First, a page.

Suomenlinna, Finland is one of those islands I used to imagine as a child reading adventure fiction. In my secluded cubbyhole I would be transported by particular tales to an ungoverned realm where magic and mayhem ensued. I was Karana fighting off feral dogs; I was Jim Hawkins on the trail of hidden treasure; I was Ralph attempting to corral my rag-tag band into order. There were no adults to supervise or rely upon, no escape possible, and illimitable potential for excitement. Rescue, when it came at the end of some of the books, seemed anticlimactic.
Exploring Suomenlinna gives me that spine tingle I once felt between the pages of thrilling juvenile escapades. Here was a cave in whose terrifying depths I might discover buried gold. I gingerly enter the dank interior, my eyes adjusting to murky shadows. What is concealed within that niche? It turns out to be an empty, squashed Coca-Cola bottle. I wrinkle my nose in disappointment, but the adrenaline rush of the chase stays with me.
I head down a path around whose corner a bunker appears. Are pirates within plotting a takeover? I hesitate despite the idyllic bench winking at me to rest in front. I tiptoe forward, keeping an ear out for war cries, for the one-legged crook who evokes terror. A flicker at the edge of my peripheral menaces. I swing left to spy a barnacle goose flee. Its derisive yap taunts me.
My path curves gently up between swathes of yellow mustard blooms. The sky glowers, the waves whip into a frenzy. I am an isle upon this island: self-reliant, bold, full of clever survival techniques. I shall whittle a sturdy fort from fallen logs, fashion clothing from grass blades, repair the disused canon, make friends with a field mouse. There is nothing I am incapable of accomplishing in my tempest tossed kingdom.
On the far side of Suomenlinna I come across an overgrown white gate, half open, inviting me in. Who lives beyond it? Do I dare go through to find a Rumpelstiltskin or a hut made of candies? I crane my neck to glimpse a bit of roof obscured by shrubs. I decide not to disturb the locals. Instead I continue towards the pewter strait where daisies nod.
I sit upon a boulder to watch the clouds shape themselves into sheep…pterodactyls…gargoyles. A sailboat nears the coast searching for marooned survivors. Its occupants scan the cliffs for evidence of life. I shall not let them know of my presence. I do not want to return to a hot supper yet. There are wild things to encounter, expeditions to plan, phantoms to conquer, locked doors to unbolt.
At the beginning of another year, there is so much at stake. Hopes for good things to happen, yearnings for new adventures, wishes which might be fulfilled. There is also fear at the thought of failure, terror for the end of dreams, dread that another twelve months will pass without the progress I wanted. It’s like being stranded on an island. I think back to all my made-up games played on sidewalks, in back woods, on jungle gyms where the unknown was the exhilaration. I reflect upon my day spent on Suomenlinna where I briefly held the future in my palms, giddy to thwart whatever perils came my way. Here’s to meeting the challenges of 2018 with the enthusiasm I had pursuing monsters, defeating dragons, and evading buccaneers on my imaginary islands.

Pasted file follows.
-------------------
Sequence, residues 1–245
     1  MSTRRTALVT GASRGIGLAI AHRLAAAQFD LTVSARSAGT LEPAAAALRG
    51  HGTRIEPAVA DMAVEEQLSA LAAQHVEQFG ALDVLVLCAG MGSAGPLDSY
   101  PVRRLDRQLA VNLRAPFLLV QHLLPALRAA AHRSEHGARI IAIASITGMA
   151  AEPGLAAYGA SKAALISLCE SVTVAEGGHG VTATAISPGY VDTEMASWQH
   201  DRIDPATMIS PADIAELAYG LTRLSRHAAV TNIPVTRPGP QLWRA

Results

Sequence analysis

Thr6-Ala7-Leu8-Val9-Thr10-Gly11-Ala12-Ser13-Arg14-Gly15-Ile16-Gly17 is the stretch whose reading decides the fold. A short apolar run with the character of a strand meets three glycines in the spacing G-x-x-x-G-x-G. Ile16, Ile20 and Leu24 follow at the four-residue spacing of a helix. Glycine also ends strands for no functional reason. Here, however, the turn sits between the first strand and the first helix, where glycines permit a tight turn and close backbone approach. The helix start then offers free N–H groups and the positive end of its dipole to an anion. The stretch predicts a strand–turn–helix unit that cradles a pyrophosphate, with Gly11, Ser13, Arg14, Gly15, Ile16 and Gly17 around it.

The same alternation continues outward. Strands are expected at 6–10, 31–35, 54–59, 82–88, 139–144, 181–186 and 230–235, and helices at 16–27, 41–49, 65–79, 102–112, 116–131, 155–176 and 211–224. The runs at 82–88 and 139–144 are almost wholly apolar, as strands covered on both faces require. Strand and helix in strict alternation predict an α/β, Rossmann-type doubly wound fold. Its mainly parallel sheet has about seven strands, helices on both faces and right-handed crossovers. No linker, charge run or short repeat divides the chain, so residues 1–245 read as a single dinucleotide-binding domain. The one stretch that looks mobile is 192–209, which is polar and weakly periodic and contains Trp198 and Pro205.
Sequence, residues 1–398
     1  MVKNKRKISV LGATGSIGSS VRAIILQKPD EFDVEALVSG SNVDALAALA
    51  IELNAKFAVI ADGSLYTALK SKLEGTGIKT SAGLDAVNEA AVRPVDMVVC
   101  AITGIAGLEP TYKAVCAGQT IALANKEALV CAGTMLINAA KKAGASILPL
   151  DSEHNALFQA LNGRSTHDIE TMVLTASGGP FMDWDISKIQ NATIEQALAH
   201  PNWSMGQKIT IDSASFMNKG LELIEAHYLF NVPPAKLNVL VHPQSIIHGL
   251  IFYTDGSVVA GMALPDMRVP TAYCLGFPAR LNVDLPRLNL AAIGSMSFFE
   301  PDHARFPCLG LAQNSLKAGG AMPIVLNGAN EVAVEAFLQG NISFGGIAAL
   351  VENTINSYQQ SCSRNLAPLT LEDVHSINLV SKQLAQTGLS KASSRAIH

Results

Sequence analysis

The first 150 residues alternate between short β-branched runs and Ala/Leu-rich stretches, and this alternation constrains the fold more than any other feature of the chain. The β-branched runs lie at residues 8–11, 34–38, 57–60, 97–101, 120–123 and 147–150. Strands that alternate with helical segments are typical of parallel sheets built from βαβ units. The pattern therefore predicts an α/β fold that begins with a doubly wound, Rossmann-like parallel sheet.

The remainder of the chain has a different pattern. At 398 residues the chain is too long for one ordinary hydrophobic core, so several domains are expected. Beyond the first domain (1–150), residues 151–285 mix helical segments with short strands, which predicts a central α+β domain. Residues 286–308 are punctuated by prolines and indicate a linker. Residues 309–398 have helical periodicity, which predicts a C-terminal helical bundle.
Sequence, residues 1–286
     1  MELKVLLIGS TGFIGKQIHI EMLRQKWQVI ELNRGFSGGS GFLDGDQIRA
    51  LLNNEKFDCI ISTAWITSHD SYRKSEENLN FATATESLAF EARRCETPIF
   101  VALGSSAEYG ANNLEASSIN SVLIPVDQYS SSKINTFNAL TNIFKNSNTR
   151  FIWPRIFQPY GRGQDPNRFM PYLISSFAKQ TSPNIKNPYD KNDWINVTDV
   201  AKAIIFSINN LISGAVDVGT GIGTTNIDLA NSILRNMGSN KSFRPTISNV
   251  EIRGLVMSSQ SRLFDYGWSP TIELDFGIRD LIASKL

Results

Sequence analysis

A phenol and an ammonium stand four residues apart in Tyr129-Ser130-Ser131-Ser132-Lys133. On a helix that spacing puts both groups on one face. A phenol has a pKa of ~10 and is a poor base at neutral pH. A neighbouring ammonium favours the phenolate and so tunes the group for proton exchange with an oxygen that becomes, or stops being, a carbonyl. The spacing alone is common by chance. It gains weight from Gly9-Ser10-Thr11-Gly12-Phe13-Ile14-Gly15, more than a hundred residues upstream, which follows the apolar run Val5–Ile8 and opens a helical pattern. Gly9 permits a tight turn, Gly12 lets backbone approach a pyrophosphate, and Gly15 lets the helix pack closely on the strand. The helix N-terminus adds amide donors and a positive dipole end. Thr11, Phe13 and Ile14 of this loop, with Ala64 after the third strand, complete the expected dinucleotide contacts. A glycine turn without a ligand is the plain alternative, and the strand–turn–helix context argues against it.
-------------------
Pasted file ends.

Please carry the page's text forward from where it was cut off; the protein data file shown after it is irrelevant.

Thank you all for your unfailing kindness, support, and good wishes throughout the years as I travel through this life and our world. It has been such a joy to share my stories with all of you and to be invited into your own narratives of struggle and success.
Suomenlinna, Finland is designated automobile free, so the best way to explore the beaches, the fort, and the wilderness trails is by walking. While Suomenlinna is a popular destination for visitors, please be aware that more than 800 Finns call the island home.
Have a favorite island adventure you loved as a child? What challenge in the new year are you most looking forward to tackling? Tell me about it in the comments below.
Best wishes to you in 2018! May all good things come your way.
P.S. The next time you visit Suomenlinna, I’m coming with you. It looks beautiful and full of adventure.
😁 Thank you for the kind wishes. I would love to have you accompany me to Suomenlinna! We could re-imagine scenes from classic adventure movies. The island would make a great backdrop for Hitchcock films (North by Northwest) or The Goonies.
Haha! You said it!
Suomenlinna is full of little treasures. Looks like you went there in late spring? I was there in the height of summer and it was still so quiet. As for childhood island adventures…Easter Island was my imaginary escape. And I’ve been fortunate enough to visit as an adult. The magic never dies, as you so vividly described.
We’re both fortunate to have visited the real version of our childhood imaginary islands. Yes, I was at Suomenlinna during late spring and it’s lovely to hear that the island magic doesn’t vaporize with all the summer visitors.
It does look like a place with many hidden treasures to discover.
Indeed. It was a truly magical place for me.
I can see how Soumenlinna is the kind of place that lets you escape to the far and wild of your imagination. I couldn’t help but notice the resemblance to parts of Newfoundland, Canada—another magical place. The bunker especially reminds me of remains of Viking settlements in L’anse aux Meadows. Lovely photos and prose.
Thank you. I have yet to explore Newfoundland, but its landscape sounds as marvelous as that of Norway. There’s something about spaces where wilderness and the edge of human community intermingle that really appeal to me.
What a wonderful island to explore and walk about, or should I say, roam about? I did not get a good feeling for its size, but its mysteries and adventurous potential has transformed from your blog post into my mind. A wonderful tale that brings the reader back to fantasies of the past. I loved your word “illimitable potential”! It is what I feel each time I set out on a new adventure! May 2018 bring much illimitable potential for both of us! My hopes for the new year are two-fold: finish my memoir and become full-time campers again. I truly miss extended travel and adventures.